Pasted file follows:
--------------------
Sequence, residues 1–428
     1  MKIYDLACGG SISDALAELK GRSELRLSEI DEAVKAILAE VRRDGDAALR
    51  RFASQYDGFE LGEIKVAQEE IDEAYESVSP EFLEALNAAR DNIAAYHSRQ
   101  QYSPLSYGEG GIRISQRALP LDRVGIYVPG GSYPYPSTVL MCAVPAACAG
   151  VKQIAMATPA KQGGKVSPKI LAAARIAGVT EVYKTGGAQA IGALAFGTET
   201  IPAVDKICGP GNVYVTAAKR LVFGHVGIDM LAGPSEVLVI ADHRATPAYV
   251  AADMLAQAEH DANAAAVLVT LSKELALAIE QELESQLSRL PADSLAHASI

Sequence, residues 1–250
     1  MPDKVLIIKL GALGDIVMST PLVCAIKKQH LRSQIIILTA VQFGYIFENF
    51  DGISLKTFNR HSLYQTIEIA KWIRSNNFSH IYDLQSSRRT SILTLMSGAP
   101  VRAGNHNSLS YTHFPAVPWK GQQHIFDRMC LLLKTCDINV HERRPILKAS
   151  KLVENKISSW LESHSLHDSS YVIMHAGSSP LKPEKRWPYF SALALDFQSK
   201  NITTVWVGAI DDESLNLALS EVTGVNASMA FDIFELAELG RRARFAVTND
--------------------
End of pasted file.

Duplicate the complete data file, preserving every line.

Sequence, residues 1–428
     1  MKIYDLACGG SISDALAELK GRSELRLSEI DEAVKAILAE VRRDGDAALR
    51  RFASQYDGFE LGEIKVAQEE IDEAYESVSP EFLEALNAAR DNIAAYHSRQ
   101  QYSPLSYGEG GIRISQRALP LDRVGIYVPG GSYPYPSTVL MCAVPAACAG
   151  VKQIAMATPA KQGGKVSPKI LAAARIAGVT EVYKTGGAQA IGALAFGTET
   201  IPAVDKICGP GNVYVTAAKR LVFGHVGIDM LAGPSEVLVI ADHRATPAYV
   251  AADMLAQAEH DANAAAVLVT LSKELALAIE QELESQLSRL PADSLAHASI

Sequence, residues 1–250
     1  MPDKVLIIKL GALGDIVMST PLVCAIKKQH LRSQIIILTA VQFGYIFENF
    51  DGISLKTFNR HSLYQTIEIA KWIRSNNFSH IYDLQSSRRT SILTLMSGAP
   101  VRAGNHNSLS YTHFPAVPWK GQQHIFDRMC LLLKTCDINV HERRPILKAS
   151  KLVENKISSW LESHSLHDSS YVIMHAGSSP LKPEKRWPYF SALALDFQSK
   201  NITTVWVGAI DDESLNLALS EVTGVNASMA FDIFELAELG RRARFAVTND